Designed to fight the ongoing ‘once in a century pandemic’, the Union Budget 2021-22 rests on six key pillars — health and well-being, physical, financial capital and infrastructure, inclusive development for aspirational India, reinvigorating human capital, innovation and R&D, and minimum government and maximum governance.
Among a slew of measures to turbocharge the growth momentum, formation of bad bank to strengthen the functioning of the financial sector is a differentiating timely policy measure with lasting value.
While expressing anguish on the bad loan woes, the Economic Survey 2020-21 pointed out that the boards of banks and auditors were ‘asleep at the wheel’ while banks accumulated high levels of toxic assets. Banks obviously resorted to ‘ever-greening’ of loans by postponing classification of assets as bad loans. Many banks might have restructured loans to circumvent prudential norms and holding them in books as standard loans even when stress was evident. It led to the current dire straits when the sudden Covid-induced stress exacerbated the asset quality woes to unsustainable levels.
Banks already grappling with bad loans suddenly found an inevitable spike in non-performing assets (NPAs) to a new high, when balancing the activities of recovery and fresh lending was difficult, more so when the external environment turned sour. The Financial Stability Report (FSR) of the RBI already alerted banks that NPAs may shoot to a level of 13.5% in baseline stress and to a high of 14.8% in severe stress. Public sector banks may end up having 17.6% of toxic assets by September 2021. Rising NPAs would shrink the capital adequacy ratio (CAR) to a low of 12.5% severely limiting their ability to expand fresh loan portfolio.
Banks are needed to maintain a minimum CAR of 10.875% till March 31, 2021, and 11.5% from April 1, 2021, as per the Basel Committee norms. Due to the rise in NPAs, it is feared that some weak PSU banks may breach the minimum mark of CAR, preventing them from lending further.
Looking to the impending rise in the NPAs and its huge collateral impact on the economy due to restricted lending capacity of banks, a quick strategy could be to form a separate entity to transfer the contaminated asset portfolio to enable banks to focus on fresh lending. In the meantime, the special purpose vehicle (SPV) proposed in the Budget as a dedicated Asset Reconstruction Company (ARC) can make efforts to recover the bad loans. The idea is not new. Such a proposal was mooted in 2017 but was not considered as the magnitude of the crisis at that time did not merit its formation.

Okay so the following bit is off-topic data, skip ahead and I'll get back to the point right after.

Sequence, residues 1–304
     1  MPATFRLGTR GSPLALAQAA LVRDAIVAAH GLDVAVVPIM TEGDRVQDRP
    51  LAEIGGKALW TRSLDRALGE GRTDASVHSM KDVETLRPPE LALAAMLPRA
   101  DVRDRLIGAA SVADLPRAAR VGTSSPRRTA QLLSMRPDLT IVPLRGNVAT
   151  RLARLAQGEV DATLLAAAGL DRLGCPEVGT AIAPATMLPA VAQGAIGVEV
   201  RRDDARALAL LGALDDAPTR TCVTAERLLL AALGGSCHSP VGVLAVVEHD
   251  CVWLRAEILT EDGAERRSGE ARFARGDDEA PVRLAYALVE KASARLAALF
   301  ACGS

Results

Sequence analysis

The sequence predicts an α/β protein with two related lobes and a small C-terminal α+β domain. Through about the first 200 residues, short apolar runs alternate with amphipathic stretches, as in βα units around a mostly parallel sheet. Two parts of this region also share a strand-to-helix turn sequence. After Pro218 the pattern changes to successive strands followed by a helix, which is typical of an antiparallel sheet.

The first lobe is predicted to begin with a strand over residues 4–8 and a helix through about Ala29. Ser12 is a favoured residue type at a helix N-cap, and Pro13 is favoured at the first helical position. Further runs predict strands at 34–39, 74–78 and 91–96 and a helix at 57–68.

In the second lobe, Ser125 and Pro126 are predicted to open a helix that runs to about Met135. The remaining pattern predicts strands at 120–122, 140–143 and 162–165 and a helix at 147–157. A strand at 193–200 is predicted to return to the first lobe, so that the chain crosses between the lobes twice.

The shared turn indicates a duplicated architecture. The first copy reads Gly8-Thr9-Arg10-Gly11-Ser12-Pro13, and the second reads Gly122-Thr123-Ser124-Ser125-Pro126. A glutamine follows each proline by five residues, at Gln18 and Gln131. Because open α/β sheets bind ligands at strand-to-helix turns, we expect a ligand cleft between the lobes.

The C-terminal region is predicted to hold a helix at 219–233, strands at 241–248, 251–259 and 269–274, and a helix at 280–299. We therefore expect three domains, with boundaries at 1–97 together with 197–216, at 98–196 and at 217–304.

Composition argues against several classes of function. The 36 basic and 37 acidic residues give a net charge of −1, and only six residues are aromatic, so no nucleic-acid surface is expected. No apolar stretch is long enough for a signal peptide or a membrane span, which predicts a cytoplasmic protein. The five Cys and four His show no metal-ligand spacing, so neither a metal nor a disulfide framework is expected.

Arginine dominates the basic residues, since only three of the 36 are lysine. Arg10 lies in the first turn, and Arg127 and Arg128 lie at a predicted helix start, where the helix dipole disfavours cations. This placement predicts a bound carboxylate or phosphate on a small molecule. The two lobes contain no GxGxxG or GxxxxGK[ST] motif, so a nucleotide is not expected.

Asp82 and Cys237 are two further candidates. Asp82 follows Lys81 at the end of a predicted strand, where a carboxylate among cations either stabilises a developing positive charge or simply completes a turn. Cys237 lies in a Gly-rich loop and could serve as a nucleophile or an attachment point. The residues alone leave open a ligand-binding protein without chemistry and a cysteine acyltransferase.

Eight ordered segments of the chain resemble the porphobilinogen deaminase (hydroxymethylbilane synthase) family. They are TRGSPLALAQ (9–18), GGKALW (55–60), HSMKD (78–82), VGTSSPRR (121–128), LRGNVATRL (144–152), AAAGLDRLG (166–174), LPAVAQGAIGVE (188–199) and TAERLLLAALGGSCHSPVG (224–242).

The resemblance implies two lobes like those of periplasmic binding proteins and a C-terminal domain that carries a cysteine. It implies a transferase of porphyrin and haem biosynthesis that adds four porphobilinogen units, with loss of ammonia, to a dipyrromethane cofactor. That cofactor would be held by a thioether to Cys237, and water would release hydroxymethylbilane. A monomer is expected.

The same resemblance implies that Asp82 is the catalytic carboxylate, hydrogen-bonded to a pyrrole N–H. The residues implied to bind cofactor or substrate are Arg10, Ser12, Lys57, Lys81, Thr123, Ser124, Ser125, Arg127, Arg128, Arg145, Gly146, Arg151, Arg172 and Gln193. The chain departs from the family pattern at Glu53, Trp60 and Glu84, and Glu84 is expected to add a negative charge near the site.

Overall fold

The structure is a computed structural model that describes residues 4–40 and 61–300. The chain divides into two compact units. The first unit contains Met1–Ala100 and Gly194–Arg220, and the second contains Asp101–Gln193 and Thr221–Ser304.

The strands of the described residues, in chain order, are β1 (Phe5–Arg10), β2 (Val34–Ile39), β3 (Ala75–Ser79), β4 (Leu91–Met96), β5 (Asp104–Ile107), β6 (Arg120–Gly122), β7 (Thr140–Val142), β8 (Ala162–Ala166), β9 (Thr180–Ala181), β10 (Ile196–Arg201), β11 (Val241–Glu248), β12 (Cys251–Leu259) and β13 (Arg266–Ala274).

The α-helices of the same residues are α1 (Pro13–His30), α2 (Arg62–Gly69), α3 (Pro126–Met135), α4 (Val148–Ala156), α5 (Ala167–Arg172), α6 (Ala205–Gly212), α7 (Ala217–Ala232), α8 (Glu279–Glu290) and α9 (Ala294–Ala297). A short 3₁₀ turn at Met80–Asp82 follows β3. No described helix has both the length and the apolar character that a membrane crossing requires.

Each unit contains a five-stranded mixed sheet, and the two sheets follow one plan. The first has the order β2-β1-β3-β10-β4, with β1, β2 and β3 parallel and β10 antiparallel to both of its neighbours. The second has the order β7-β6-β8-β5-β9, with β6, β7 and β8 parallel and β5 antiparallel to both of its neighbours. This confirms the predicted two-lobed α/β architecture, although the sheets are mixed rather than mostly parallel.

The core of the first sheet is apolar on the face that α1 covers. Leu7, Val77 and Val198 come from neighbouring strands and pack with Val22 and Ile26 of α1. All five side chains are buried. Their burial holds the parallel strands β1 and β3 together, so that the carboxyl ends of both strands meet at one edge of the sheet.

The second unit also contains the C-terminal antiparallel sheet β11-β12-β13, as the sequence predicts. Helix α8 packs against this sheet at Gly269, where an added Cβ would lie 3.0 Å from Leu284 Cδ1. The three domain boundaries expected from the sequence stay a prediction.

It is a quick remedy to relieve banks from the burden of NPAs in one go. The asset size of banks will come down depending upon the volume of NPAs transferred to it. The CAR – the driving factor to push fresh credit — will rise due to reduction in asset size of banks. It will create additional space for them to start fresh lending to hasten recovery. Banks will also be relieved of the rigour of pursuing recovery of the huge stock of NPAs that can now be transferred to bad bank.
Banks can also work on preventing the accumulation of further NPAs by closely following and nursing the existing borrowers. Globally, setting up a bad bank is considered as a quick remedy. The Government of Malaysia had set up Danaharta Bank to tackle bad loan menace arising out of the global financial crisis. If a bad bank is used as a one-time remedy to ward off the NPA crisis, it can work well. It will open up many opportunities for banks to participate actively in recovering the economy.
The banking system has to operate on a sustained business model. It should be well equipped with requisite policies, processes, systemic controls, internal skills and methodology to manage deposits, lend and recover loans in the normal course of banking activity. The Survey aptly observed that the slackness on the part of the boards and auditors has led to build-up of huge toxic assets.
The proposed bad bank should not develop any sense of complacency among banks or the borrowing community to adversely impact the credit culture of the country. A sound, sustainable and well-regulated banking system is sine qua non for an aspiring India aiming for a $5-trillion economy. Hence, the ARC to take over bad loans should be designed as a one-time solution with a self-liquidating model that should not work beyond handling the pandemic-driven stress.
Taking a cue from the respite provided to banks, it will be necessary to look back into the reasons for the pile-up of bad loans even before the onset of the pandemic. Systemic corrections, business process reengineering of credit administration and more internal reforms, better risk governance and credit discipline may be needed to develop strong systems.
With the improvement in the rigour in implementing debt resolution tools, enhanced regulatory surveillance and robust insolvency and bankruptcy laws, the borrowing community needs to realise that repaying loans is essential to remain in business. A bad loan not only prevents banks from recycling funds but mars their risk appetite. It prevents growth prospects of the credit-starved future generation of entrepreneurs.
Banks and the borrowing community should use this new initiative as an opportunity to mend the credit culture in the long-term interest of growth. The free flow of growth adrenaline through the Budget can be hailed as a historic move to put India on a high growth trajectory. The bold initiative to set up bad bank should be able to nudge banks to shape well.
(The author is Adjunct Professor, Institute of Insurance and Risk Management [IIRM], Hyderabad. Views are personal)
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